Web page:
State wants to keep school manager despite ruling

By Tim Martin

Associated Press

LANSING (AP) -- An Ingham County judge on Wednesday voided decisions made by a financial review team whose findings led to the appointment of an emergency manager in the Highland Park public school system, but the state plans to keep the manager on the job.

Ingham County Circuit Judge William Collette's ruling said the state-appointed review team violated Michigan's Open Meetings Act. Collette also maintained his earlier order -- that a similar team reviewing the city of Detroit's finances must meet in compliance with the Open Meetings Act.

Robert Davis, the Highland Park school board member and union activist who filed the lawsuits, said the ruling means that Gov. Rick Snyder's recent appointment of an emergency manager for the school district is wiped out.

"It was a monumental victory for democracy," Davis said. "It opens up the doors of government as it relates to this very important matter."

Michigan officials say they are reviewing their legal options, but they don't think the ruling affects Snyder's appointment last month of Jack Martin -- a former chief financial officer for the U.S. Department of Education -- as the Highland Park district's emergency manager.

"The ruling only really addressed review teams and the Open Meetings Act," Snyder spokeswoman Sara Wurfel told The Associated Press in an email.

The state review team found that the Highland Park district, located near Detroit, was struggling with mounting budget deficits, primarily from declining enrollment. The school district had more than 3,000 students in 2006, but is estimated to have less than 1,000 now. In Michigan, much of a district's funding is directly tied to its enrollment.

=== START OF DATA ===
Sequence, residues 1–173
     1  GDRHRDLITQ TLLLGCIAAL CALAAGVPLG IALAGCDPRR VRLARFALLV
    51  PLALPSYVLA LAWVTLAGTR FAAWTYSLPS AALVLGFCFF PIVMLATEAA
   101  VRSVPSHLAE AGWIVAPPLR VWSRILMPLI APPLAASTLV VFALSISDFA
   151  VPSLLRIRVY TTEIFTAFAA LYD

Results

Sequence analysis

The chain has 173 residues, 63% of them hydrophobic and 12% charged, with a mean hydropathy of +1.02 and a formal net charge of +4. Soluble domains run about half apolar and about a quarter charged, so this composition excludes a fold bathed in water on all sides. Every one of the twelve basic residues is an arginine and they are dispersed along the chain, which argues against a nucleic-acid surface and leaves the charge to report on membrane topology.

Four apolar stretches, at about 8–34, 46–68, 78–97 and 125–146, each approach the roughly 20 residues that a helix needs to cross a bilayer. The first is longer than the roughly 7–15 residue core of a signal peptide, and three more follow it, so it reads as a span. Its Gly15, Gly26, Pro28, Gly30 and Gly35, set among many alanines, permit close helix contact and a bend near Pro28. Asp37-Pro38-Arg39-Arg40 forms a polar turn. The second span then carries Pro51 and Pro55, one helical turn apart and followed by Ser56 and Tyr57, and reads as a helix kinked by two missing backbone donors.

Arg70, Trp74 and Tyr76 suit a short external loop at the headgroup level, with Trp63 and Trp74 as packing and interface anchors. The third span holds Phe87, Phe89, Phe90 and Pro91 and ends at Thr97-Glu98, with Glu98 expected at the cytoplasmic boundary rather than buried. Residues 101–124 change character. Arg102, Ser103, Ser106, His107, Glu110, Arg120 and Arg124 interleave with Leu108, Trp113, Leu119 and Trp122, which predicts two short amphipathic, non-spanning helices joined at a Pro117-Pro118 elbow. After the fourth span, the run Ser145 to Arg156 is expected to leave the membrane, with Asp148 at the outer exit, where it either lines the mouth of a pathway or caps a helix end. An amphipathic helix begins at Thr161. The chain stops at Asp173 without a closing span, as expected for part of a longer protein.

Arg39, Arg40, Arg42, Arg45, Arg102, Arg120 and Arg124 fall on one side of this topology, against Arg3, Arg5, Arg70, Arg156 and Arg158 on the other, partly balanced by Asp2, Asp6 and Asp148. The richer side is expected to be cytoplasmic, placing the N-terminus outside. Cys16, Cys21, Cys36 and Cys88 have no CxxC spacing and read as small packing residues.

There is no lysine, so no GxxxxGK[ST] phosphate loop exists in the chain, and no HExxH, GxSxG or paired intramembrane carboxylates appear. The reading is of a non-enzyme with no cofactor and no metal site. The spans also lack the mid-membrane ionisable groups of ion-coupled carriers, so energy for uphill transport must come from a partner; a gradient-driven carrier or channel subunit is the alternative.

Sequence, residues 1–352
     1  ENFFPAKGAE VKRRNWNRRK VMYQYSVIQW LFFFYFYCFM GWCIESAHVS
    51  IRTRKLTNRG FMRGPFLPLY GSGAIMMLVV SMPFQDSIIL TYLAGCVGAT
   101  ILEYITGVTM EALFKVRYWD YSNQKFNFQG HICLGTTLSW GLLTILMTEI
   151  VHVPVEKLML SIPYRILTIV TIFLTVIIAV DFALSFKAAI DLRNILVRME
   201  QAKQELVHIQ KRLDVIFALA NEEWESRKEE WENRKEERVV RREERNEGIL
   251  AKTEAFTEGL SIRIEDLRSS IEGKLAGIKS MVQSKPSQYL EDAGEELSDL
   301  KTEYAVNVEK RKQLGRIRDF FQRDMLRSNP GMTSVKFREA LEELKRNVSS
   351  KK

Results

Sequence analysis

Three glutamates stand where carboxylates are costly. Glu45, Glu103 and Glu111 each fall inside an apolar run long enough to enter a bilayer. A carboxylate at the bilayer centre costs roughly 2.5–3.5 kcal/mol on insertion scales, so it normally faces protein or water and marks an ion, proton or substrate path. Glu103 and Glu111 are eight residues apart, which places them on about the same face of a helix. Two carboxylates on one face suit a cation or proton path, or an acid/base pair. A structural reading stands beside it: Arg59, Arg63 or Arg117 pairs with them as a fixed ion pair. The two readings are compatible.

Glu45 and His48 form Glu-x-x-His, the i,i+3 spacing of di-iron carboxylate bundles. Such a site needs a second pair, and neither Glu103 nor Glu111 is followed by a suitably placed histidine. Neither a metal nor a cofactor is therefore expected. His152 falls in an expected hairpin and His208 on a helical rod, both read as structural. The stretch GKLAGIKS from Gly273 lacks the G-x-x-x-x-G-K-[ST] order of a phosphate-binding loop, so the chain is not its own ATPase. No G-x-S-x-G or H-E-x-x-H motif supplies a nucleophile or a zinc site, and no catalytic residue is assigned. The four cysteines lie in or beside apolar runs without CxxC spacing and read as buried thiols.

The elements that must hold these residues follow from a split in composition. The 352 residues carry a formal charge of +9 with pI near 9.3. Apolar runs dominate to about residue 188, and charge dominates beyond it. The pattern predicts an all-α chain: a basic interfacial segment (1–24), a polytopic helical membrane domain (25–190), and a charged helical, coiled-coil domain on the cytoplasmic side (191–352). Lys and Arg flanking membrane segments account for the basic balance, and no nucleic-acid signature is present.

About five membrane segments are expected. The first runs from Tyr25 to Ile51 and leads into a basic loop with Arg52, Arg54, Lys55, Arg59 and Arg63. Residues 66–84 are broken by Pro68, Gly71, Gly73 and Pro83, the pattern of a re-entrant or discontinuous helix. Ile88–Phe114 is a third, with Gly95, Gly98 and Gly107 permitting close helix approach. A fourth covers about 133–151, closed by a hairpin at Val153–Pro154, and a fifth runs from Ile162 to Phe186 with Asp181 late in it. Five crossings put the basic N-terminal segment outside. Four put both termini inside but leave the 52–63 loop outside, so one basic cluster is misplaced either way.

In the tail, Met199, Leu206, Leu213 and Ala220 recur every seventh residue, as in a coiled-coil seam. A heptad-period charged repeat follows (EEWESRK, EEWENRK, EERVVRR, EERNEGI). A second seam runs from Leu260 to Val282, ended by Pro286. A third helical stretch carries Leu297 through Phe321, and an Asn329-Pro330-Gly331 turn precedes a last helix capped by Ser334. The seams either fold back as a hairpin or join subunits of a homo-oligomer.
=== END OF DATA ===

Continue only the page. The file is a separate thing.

Emergency managers are appointed by the state to help fix the finances of fiscally troubled local governments and schools. They have broad authority including the power to toss out union contracts and strip power from locally elected officials.

Last week, Collette said state-appointed financial review teams that can result in the appointment of an emergency manager should be subject to the state's Open Meetings Act because their powers go well beyond those of an advisory committee. The Snyder administration believes the teams' meetings shouldn't be subject to the Open Meetings Act.

Michigan officials have appointed emergency managers in Benton Harbor, Ecorse, Flint, Pontiac and the Detroit public school system, along with the Highland Park schools. A review team is now looking at Detroit's finances to determine whether an emergency manager is needed in Michigan's largest city.

The Snyder administration said Wednesday the Detroit review team's work will "continue in accordance" with the Open Meetings Act.

Davis said it is possible that Wednesday's ruling could prompt legal questions about the actions of review teams in other locations, depending on if they have operated in the same fashion as review teams for Highland Park schools and the city of Detroit.

Davis' lawsuit is just one way opponents are trying to slow down or derail the state's emergency manager law. In June, the Sugar Law Center for Economic and Social Justice sued over the law, saying it violated the state constitution. Snyder has asked the Michigan Supreme Court to fast-track the case so it doesn't get hung up in the appeals process, but the court has not yet decided whether it will review the case early.

Other opponents are gathering voter signatures to try to force an election aimed at repealing the revised law, known as Public Act 4. If enough signatures are collected to make the ballot, the law could be suspended before the November election.

Published: Fri, Feb 17, 2012